SecurityAssumptions classes (Sect. 2.3). During the process
of policy refinement described in the sequence, the security
levels warranted by mechanisms (SecurityAssumptions)are
thus checked against the security requirements prescribed
in the SecurityRequirements. As such, a SecurityRequire-
ment with a high level of confidentiality could determine,
for instance, the decision to use either an encrypted tunnel or
a plain text channel. Another practical example occurs when
a security mechanism that supports logging has this func-
tionality activated in order to fulfil the high traceability level
required by the SecurityRequirement prescriptive associated
to the SecurityGoal of its corresponding AccessPermission.
The examples show that, although SecurityRequirements do
not directly represent obligation policies, the analysis of the
security requirements they express can yield configuration
parameters for mechanisms that do correspond to the “need
to do” aspects in the system, and hence to obligation poli-
cies.
3.2 Automated refinement and configuration generation
The automated refinement of authorisation policies starts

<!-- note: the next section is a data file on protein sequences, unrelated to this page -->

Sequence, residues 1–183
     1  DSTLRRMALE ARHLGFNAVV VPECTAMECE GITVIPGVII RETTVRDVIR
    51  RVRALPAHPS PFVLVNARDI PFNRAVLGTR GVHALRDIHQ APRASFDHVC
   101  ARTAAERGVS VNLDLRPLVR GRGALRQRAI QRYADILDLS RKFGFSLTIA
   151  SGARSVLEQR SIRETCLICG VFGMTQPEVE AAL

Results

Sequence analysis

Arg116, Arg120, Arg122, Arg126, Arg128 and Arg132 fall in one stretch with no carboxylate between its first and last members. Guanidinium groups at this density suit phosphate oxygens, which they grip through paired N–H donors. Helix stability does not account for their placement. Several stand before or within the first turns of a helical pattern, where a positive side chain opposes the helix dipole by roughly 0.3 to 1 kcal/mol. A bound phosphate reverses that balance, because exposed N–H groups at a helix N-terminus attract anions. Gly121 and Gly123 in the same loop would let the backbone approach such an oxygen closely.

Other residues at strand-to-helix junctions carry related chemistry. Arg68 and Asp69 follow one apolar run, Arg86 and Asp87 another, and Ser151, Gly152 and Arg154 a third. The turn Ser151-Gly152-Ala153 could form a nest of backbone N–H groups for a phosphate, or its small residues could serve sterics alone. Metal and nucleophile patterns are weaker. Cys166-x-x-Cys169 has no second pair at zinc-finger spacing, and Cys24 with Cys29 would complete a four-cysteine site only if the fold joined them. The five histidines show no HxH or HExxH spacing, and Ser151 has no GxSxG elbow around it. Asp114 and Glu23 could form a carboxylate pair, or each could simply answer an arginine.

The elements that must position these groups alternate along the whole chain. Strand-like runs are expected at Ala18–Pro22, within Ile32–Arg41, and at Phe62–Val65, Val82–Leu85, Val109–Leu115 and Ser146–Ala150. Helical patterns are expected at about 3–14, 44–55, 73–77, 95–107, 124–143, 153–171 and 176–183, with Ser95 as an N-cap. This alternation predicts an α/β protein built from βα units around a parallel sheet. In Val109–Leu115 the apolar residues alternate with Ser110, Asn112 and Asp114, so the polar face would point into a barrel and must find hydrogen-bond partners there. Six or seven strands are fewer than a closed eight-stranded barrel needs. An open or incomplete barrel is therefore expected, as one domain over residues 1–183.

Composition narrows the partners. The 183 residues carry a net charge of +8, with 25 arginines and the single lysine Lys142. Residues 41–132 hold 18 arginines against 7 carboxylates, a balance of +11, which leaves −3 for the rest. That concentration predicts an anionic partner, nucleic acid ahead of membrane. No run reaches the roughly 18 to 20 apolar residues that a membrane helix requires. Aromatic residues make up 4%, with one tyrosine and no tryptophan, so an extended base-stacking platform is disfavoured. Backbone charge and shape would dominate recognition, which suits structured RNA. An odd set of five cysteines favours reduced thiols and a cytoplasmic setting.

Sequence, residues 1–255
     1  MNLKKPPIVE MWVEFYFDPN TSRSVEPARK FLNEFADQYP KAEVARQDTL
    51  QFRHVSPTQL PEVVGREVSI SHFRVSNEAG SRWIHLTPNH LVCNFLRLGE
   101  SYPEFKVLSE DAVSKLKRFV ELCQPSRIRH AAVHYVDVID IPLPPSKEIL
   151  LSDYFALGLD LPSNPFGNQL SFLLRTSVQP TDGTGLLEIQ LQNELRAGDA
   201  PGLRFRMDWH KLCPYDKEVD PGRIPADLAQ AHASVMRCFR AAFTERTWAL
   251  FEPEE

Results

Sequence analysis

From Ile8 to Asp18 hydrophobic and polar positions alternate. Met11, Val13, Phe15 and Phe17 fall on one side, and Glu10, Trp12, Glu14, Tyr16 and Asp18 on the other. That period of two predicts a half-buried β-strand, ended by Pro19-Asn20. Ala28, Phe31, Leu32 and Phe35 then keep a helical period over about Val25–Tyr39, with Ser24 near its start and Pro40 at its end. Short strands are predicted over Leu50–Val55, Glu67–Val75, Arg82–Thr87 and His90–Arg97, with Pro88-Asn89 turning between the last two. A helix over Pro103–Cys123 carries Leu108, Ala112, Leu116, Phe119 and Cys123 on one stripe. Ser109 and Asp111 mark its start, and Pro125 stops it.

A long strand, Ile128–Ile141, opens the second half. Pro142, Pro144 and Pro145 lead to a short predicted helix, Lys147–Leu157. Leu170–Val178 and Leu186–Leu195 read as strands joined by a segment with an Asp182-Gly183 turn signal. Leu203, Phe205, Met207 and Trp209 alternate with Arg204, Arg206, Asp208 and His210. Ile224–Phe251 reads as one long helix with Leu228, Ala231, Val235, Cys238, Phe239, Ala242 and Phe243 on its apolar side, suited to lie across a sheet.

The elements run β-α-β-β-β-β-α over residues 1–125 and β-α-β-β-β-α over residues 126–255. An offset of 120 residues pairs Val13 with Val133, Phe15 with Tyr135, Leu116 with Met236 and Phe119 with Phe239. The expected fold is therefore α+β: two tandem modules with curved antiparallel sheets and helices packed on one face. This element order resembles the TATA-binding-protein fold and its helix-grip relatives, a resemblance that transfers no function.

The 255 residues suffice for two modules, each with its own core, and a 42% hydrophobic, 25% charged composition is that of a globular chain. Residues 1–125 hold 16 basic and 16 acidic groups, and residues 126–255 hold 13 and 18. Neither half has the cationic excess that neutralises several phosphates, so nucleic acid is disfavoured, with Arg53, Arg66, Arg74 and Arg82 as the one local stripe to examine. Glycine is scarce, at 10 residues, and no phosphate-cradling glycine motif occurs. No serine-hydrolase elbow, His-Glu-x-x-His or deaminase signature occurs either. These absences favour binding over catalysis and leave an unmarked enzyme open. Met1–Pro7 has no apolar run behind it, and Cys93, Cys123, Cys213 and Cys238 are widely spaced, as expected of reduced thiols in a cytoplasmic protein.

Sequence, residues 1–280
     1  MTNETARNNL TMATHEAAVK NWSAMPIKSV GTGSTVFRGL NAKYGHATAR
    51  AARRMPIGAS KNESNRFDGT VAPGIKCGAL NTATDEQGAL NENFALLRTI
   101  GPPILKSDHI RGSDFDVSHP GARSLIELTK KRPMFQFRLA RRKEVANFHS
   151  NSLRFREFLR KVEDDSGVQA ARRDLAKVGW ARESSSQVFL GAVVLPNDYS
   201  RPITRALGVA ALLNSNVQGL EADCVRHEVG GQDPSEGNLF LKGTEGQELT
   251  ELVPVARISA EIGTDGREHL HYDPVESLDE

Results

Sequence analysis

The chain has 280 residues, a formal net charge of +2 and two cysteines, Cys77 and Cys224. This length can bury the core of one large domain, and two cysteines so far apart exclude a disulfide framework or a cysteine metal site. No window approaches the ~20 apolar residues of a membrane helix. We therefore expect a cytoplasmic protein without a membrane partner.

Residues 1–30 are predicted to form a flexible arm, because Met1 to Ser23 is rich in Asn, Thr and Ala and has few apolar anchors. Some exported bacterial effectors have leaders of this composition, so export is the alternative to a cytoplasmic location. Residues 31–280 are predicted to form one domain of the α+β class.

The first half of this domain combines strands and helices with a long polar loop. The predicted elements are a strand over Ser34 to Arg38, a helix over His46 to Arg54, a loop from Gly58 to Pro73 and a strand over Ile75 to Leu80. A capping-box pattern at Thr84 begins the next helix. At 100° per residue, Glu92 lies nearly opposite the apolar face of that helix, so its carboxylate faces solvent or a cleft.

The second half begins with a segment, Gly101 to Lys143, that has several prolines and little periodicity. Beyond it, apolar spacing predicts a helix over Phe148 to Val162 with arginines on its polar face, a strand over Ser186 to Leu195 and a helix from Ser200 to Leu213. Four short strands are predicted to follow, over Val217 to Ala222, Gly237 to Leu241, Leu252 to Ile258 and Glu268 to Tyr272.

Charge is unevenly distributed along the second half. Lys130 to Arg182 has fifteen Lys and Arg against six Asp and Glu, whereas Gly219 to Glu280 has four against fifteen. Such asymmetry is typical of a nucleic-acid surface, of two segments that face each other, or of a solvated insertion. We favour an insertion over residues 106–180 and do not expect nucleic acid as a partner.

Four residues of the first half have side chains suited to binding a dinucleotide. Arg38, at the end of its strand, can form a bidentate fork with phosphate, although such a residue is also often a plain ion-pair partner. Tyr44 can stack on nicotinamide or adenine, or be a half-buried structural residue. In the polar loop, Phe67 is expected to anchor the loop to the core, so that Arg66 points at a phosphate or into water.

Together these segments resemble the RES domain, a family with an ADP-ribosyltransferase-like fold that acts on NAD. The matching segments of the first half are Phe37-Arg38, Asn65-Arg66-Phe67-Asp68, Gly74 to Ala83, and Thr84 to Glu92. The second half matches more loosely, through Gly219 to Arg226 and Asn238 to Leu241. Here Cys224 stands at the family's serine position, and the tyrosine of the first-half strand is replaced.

from the analysis of the AccessPermissions in the RO level
and their related objects in order to generate a set of cor-
responding permissions in the SR level. Thus, each triple of
Role,AccessMode, and Object (r,am,o)related to an Acces-
sPermission produces a set of 4-tuples (u,st,sv, r), each of
which expresses an authorisation for a SubjectType on behalf
of a User to use a Service in order to access a Resource.
These tuples are represented by ServicePermission objects
(see Fig. 5) and are defined as follows.
Definition 3.1 The set of authorisation policies for the SR
level is defined as:
SP U×St ×Sv×R;
sr :SP SC, a function that gives the security class
required by a ServicePermission (see Sect. 2.3).
Along with the SP set of positive authorisation policies,
we also define an auxiliary set of negative authorisation pol-
icies, SP, which is the complement set of SP.TheSP set is
not explicitly defined, but implictly derived here due to the
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J. P. de Albuquerque et al.
semantic of closed policies employed in MBM as mentioned
previously, in order to facilitate the notation in the validation
framework below.
Definition 3.2 The set of negative authorisation policies for
the SR level is defined as
SP ={xU×St ×Sv×R|x/SP}
Subsequently, the ServicePermissions are refined into AT-
Permission objects (actor-target permissions, ATP for short),
which represent authorisation policies in a DAS (Sect. 2.2).
Since ATPs are paths in the DAS graph, this refinement phase
consists of, for each ServicePermission (u,st,sv, r), finding
the shortest path between each Actor that is connected to the
pair (u,st), and each compatible Tar g e t that is connected